It may sound incredible and looks too good to be true, but a new study has shown that vigorous exercise for a short period of time can boost the so-called interference memory. The research also pointed to a potential mechanism that may explain the findings.
The research, conducted by scientists from the McMaster University in Ontario, Canada, and published in the Journal of Cognitive Neuroscience revealed that physical training also impart the brain positively.
The findings as reported on Medical News Today, discovered that 20-minute daily sessions of interval training for 6 weeks dramatically improves performance in a so-called high-interference memory task.
According to the lead author of the study Jennifer Heisz, an assistant professor in the Department of Kinesiology at McMaster University, 95 young adult participants were recruited for their study, and the participants engaged in one of the following three scenarios for a duration of 6 weeks: physical training plus cognitive training, physical training only, or no training at all.
Explaining the phrase the interference memory theory, she said it refers to the way in which information that we already know and have memorized may interfere with our ability to learn new material. “Good interference memory means that old knowledge works seamlessly with new information, enabling us, for example, to distinguish a new car from our old one, even if they are the same brand and model”.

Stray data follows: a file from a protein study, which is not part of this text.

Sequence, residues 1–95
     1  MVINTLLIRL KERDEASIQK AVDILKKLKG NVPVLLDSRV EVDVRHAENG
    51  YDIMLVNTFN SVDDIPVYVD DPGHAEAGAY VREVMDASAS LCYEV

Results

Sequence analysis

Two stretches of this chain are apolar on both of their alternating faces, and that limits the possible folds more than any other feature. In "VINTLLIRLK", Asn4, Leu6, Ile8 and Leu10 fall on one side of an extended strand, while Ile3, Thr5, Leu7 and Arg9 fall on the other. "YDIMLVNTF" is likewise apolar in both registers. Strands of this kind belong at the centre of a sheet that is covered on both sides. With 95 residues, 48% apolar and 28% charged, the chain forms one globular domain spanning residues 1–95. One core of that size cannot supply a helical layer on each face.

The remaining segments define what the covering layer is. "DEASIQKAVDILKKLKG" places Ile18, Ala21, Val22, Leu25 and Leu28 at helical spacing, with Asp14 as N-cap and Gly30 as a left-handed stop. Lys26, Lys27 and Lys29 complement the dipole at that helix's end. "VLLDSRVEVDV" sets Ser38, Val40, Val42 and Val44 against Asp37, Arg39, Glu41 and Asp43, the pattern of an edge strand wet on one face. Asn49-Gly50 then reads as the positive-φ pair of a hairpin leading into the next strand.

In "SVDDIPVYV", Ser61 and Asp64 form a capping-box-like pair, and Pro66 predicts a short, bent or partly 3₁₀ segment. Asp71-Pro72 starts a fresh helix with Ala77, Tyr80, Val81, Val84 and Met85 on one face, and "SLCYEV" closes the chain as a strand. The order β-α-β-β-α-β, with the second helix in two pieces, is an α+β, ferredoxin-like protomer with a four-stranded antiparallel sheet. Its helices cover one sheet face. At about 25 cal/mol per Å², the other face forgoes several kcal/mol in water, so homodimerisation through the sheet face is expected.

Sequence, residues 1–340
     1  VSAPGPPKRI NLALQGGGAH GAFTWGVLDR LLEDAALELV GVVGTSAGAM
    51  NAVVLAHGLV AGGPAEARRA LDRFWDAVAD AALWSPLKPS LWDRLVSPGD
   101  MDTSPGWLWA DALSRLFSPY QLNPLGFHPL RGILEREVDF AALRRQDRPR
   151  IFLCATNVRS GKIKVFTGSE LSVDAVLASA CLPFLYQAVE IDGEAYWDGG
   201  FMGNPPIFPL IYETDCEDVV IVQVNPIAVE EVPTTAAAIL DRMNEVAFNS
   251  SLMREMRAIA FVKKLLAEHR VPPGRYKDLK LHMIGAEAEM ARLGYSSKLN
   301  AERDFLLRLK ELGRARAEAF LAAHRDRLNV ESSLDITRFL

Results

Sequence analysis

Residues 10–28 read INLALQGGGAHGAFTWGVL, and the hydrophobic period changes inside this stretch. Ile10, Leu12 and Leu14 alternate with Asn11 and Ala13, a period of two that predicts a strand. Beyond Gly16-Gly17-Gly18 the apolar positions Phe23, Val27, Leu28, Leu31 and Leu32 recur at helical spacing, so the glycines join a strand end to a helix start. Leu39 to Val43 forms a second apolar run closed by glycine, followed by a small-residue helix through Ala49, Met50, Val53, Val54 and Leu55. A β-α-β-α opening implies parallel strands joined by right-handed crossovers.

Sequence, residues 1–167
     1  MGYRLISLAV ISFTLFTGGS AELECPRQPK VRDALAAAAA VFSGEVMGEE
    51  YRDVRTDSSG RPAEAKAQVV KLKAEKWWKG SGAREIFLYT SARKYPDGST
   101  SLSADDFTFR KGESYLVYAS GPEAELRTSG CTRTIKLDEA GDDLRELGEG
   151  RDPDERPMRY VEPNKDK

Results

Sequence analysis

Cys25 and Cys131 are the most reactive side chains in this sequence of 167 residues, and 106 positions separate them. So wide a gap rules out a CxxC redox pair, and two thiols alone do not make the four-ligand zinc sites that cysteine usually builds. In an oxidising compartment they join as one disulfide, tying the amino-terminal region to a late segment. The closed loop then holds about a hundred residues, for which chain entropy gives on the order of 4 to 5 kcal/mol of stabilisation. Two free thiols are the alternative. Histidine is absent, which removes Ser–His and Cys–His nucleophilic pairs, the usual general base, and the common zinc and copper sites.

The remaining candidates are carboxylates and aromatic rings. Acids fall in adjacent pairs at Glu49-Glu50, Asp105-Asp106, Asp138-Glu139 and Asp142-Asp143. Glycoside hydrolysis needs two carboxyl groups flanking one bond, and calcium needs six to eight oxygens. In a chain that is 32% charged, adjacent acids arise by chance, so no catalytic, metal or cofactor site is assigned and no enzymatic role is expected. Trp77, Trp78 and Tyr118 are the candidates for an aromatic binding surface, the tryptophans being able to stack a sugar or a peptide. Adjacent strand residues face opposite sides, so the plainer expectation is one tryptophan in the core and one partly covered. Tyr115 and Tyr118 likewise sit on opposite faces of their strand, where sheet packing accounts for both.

The team also measured their levels of a protein called brain-derived neurotrophic factor (BDNF), as well as insulin-like growth factor-1, both before and after the interventions. BDNF promotes the survival, growth, and maintenance of neurons.
The researchers found that the group who had engaged in intense physical activity performed much better at the high-interference memory task and had higher levels of BDNF compared with the control group.
The takeaway from here is that, Nigerians should endeavour to engage in more intense physical exercise for better brain performance.